Translational Stroke Research

, Volume 9, Issue 4, pp 375–381 | Cite as

Ultrasonographical Features Associated with Progression of Atherosclerosis in Patients with Moderate Internal Carotid Artery Stenosis

  • Yumei Liu
  • Yang HuaEmail author
  • Ran Liu
  • Lili Wang
  • Chun Duan
  • Chen Ling
  • Xiaoguang Wu
  • Ovbiagele Bruce
  • Wuwei Feng
Original Article


Carotid artery stenosis (CAS) is a leading cause of ischemic stroke. Plaque stabilization is a major management approach. Information about the ultrasonographical and clinical features associated with the progression of moderate internal carotid artery (ICA) stenosis (50–69%) could assist with prognostication and risk factor modifications. We evaluated 287 patients with moderate ICA stenosis (50–69%) and subsequently evaluated them at follow-up points at 12, 24, and 36 months. Patients were divided into three groups according to the degree of ICA stenosis: progression (70–99%, n = 48), stable (50–69%, n = 210), and regression (< 50%, n = 29). Responsible plaque thickness (RPT) across groups during follow-up was compared using a repeated measure ANOVA test. An ordinal regression was subsequently applied to identify risk factors for atherosclerosis progression. Male (P = 0.04), hypoechoic plaque (P < 0.01), smoking (P = 0.02), plaque ulceration (P = 0.05), and contralateral severe CAS or occlusions (P = 0.04) on ultrasound was more frequent in the progression group vs. other two groups. The ordinal regression revealed that only hypoechoic plaque (OR, 7.03; 95% CI, 3.34–14.81; P < 0.01) and contralateral ICA severe stenosis or occlusion (OR, 2.86; 95% CI, 1.41–5.80; P < 0.01) were independently associated with stenosis progression, while statin use was inversely associated with stenosis progression (OR, 0.26; 95% CI, 0.13–0.54; P < 0.01). Of note, symptomatic vs. asymptomatic moderate CAS at baseline was not associated with progression. For patients with moderate CAS, hypoechoic plaque, contralateral severe stenosis or occlusion on ultrasonography, and statin use are independently related to stenosis progression. Statin use may delay the progression of carotid stenosis.


Carotid stenosis Progression Risk factor Ultrasonography Statin 



We would like to thank Dr. Forrest Lowe for his generous comments on the language contents of this manuscript.


This study was funded by “The Special Funding for Beijing Capital Health, Research and Development; 2011-2001-02” that was awarded to Dr. Yang Hua.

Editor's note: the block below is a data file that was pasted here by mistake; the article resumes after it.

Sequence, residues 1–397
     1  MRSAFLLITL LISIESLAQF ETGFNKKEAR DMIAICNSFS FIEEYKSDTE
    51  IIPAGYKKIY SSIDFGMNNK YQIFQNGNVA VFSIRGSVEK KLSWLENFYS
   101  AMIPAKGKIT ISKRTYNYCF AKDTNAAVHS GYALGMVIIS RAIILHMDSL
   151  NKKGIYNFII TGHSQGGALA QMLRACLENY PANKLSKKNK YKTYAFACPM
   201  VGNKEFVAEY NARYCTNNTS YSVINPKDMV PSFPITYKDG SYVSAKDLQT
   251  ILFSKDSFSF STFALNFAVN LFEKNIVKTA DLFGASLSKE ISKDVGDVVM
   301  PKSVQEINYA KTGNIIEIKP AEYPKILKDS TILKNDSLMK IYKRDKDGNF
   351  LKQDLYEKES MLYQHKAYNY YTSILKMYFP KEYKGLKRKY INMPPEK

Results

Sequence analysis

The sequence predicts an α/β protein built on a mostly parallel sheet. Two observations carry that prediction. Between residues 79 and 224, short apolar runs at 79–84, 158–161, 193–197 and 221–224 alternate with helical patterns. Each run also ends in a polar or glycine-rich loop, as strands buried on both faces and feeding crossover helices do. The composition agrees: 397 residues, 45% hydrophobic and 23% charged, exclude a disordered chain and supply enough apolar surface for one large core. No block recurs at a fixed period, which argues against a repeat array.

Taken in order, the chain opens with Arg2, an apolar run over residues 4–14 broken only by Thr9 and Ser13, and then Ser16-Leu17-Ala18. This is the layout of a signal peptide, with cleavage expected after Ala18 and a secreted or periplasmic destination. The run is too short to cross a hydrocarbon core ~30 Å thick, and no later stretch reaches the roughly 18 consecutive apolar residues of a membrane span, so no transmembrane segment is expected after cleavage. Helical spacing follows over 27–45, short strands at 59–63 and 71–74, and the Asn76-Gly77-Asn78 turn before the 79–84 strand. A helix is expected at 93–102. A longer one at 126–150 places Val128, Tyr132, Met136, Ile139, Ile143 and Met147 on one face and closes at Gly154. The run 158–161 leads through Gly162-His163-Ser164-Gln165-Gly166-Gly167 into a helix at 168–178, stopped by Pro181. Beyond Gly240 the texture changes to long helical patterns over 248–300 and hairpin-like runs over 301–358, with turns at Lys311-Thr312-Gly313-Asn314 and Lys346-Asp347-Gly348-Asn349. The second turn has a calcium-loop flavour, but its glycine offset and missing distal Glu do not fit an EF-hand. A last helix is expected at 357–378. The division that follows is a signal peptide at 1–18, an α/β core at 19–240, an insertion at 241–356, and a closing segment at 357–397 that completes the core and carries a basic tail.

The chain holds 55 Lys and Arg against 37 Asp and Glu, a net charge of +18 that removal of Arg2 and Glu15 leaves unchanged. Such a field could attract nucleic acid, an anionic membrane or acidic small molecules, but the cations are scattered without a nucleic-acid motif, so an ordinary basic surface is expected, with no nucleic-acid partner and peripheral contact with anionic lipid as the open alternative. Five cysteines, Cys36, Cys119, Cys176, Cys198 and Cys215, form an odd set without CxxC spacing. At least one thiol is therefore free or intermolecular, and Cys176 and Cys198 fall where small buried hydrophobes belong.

Compliance with Ethical Standards

Conflict of Interest

Yumei Liu declares no conflict of interest. Yang Hua received research grants from “The Special Funding for Beijing Capital Health, Research and Development; 2011-2001-02”. Ran Liu declares no conflict of interest. Lili Wang declares no conflict of interest. Chun Duan declares no conflict of interest. Chen Ling declares no conflict of interest. Xiaoguang Wu declares no conflict of interest. Ovbiagele Bruce receives research grants from NIH, but has no conflict of interest. Wuwei Feng receives research grants from NIH, but has no conflict of interest.

Ethical Approval

All procedures performed in studies involving human participants were in accordance with the ethical standards of the institutional research committee and with the 1964 Helsinki declaration and its later amendments or comparable ethical standards.


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Copyright information

© Springer Science+Business Media, LLC, part of Springer Nature 2017

Authors and Affiliations

  • Yumei Liu
    • 1
  • Yang Hua
    • 1
    Email author
  • Ran Liu
    • 1
  • Lili Wang
    • 1
  • Chun Duan
    • 1
  • Chen Ling
    • 1
  • Xiaoguang Wu
    • 2
  • Ovbiagele Bruce
    • 3
  • Wuwei Feng
    • 3
  1. 1.Department of Vascular UltrasoundXuanwu Hospital, Capital Medical UniversityBeijingChina
  2. 2.Evidence-Based Medicine CenterXuanwu Hospital, Capital Medical UniversityBeijingChina
  3. 3.Department of NeurologyMedical University of South CarolinaCharlestonUSA

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